Warwick was the most important and influential peer in the realm, one of the principal protagonists in the Wars of the Roses. Her aunt, Cecily Neville, Duchess of York, mother of future kings and Alice's first cousins, Edward IV and Richard III, was another key figure in the dynastic civil wars that dominated most of the latter half of 15th century England. Alice's other siblings included Lady Joan Countess of Arundel. Lady Fitzhugh's nieces, the daughters of Warwick, were Isabel Neville, who married Edward IV's brother George Plantagenet, 1st Duke of Clarence and Anne Neville. Anne was Princess of Wales as the wife of Edward of Westminster, Prince of Wales, the son of Henry VI and Margaret of Anjou. After the premature death of the Prince of Wales at 17 years old, Anne became Queen consort of England upon her second marriage to Richard, Duke of Gloucester, who became King of England as Richard III. Lady Alice, close to her niece Anne, was supportive of the Duke of Gloucester after he had become Lord Protector of the Realm.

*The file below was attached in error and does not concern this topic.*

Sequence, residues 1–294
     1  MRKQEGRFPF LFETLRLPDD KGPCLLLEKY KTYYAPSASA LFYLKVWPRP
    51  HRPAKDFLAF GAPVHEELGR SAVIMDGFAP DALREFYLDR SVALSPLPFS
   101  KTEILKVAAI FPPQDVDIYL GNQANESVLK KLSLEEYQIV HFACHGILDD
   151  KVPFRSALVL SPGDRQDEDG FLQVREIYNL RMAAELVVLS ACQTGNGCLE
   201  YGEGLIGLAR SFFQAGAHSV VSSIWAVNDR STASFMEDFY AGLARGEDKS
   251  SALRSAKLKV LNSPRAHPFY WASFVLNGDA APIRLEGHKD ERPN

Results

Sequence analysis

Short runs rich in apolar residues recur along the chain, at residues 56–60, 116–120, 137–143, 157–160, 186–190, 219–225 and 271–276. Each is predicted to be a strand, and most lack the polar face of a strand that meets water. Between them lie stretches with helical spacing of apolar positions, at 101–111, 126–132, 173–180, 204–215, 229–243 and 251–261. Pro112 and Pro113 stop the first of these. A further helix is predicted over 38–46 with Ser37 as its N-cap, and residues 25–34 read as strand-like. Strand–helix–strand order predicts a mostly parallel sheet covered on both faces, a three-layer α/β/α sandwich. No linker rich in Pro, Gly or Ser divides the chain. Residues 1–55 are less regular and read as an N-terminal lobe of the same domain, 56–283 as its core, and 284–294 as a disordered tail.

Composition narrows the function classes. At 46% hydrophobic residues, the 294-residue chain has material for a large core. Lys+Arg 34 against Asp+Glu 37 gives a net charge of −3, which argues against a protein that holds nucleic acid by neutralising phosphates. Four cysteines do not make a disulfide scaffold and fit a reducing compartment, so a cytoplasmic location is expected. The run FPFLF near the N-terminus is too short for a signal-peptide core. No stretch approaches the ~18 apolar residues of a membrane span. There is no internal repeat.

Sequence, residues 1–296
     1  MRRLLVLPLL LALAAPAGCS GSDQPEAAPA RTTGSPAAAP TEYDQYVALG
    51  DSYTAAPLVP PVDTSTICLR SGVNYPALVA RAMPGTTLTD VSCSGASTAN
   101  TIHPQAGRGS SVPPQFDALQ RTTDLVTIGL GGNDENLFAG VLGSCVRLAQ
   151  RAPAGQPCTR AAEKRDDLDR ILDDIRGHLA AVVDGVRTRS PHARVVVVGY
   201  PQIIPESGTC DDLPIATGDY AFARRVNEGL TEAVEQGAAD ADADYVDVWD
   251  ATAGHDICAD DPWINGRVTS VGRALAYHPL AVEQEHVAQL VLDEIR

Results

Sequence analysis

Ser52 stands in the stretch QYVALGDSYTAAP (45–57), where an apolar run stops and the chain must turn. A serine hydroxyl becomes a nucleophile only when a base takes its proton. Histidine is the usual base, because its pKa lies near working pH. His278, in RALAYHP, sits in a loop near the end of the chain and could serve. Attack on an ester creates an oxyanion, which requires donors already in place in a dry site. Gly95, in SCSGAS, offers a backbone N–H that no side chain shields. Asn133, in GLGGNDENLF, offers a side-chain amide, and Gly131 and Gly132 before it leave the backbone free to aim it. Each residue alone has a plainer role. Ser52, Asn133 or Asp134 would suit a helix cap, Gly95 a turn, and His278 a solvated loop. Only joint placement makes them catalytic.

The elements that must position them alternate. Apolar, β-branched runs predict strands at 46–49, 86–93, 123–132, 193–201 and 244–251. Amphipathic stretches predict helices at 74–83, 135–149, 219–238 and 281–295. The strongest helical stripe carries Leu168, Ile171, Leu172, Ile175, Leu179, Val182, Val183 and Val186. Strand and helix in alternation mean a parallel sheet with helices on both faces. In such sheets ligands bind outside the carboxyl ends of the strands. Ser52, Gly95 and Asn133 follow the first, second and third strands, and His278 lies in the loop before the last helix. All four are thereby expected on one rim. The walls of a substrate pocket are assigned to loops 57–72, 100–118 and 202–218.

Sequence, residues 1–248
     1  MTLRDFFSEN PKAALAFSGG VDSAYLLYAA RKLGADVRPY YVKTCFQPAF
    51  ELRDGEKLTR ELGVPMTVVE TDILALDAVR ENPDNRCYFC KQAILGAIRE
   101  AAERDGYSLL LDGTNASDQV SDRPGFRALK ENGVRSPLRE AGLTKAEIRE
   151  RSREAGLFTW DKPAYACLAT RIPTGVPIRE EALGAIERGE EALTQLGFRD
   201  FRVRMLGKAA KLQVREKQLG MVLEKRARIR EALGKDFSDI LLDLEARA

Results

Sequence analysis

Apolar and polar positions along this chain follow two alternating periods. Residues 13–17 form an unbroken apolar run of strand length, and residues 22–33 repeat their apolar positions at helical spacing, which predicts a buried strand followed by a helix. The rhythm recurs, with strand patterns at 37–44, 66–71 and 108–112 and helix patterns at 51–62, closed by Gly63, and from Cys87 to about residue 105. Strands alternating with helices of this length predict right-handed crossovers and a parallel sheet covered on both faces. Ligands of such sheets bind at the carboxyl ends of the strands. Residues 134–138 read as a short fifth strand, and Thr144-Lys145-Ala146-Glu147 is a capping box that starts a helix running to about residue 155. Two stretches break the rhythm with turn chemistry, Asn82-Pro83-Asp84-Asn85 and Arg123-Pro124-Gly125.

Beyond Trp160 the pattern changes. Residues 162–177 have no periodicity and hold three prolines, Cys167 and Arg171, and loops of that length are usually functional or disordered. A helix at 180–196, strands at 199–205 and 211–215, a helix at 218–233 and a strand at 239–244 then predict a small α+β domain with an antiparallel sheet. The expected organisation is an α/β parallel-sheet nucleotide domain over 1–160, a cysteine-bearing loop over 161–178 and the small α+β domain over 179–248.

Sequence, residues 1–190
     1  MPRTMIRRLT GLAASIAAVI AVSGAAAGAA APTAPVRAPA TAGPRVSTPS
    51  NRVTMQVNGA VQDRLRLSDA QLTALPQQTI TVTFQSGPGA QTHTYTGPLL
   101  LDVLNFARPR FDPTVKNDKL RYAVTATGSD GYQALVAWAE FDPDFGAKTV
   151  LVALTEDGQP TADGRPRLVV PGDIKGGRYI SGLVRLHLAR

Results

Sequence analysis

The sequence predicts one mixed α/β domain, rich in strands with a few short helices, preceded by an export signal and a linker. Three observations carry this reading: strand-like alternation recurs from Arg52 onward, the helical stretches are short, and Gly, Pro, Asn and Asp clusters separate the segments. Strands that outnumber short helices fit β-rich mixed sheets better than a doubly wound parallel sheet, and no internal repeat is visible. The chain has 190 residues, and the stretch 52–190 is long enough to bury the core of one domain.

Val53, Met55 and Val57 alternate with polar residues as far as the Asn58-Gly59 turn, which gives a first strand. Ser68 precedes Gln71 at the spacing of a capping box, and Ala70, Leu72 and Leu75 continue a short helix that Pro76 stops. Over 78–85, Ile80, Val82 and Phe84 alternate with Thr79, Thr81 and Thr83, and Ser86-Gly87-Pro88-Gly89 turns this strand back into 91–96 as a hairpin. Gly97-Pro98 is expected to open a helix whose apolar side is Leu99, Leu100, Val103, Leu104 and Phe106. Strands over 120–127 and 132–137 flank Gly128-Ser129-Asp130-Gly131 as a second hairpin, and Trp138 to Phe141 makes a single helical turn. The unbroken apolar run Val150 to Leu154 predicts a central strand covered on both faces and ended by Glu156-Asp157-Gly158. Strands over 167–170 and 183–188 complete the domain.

She influenced her family members to do the same. When Gloucester ascended the throne as King Richard III in 1483, Lady Alice and her daughter, were appointed by the Queen to serve as her ladies-in-waiting; the two received presents from the King which included yards of the grandest cloth available to make dresses. At the coronation in 1483, it was Alice and Elizabeth who were two of the seven noble ladies given the honour to ride behind the queen; the position of lady-in-waiting to the Queens of England became a family tradition spanning down to Lady FitzHugh's great-granddaughter, Anne Parr who served all of King Henry VIII's six wives. Lady Fitzhugh was much the same temperament of her brother the Earl of Warwick. Although her husband, Lord FitzHugh is given credit for instigating the 1470 rebellion which drew King Edward IV into the north and allowed a safe landing of the Earl of Warwick in the West country, the boldness of the stroke is far more in keeping with Alice, Lady Fitzhugh's temperament and abilities than with her husband's.